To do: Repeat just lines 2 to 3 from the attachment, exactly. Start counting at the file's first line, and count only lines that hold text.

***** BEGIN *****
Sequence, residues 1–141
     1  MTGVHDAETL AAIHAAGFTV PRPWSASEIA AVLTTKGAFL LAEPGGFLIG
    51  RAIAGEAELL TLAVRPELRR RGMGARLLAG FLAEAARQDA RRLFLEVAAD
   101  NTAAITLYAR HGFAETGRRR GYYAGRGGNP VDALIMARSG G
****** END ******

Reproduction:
     1  MTGVHDAETL AAIHAAGFTV PRPWSASEIA AVLTTKGAFL LAEPGGFLIG
    51  RAIAGEAELL TLAVRPELRR RGMGARLLAG FLAEAARQDA RRLFLEVAAD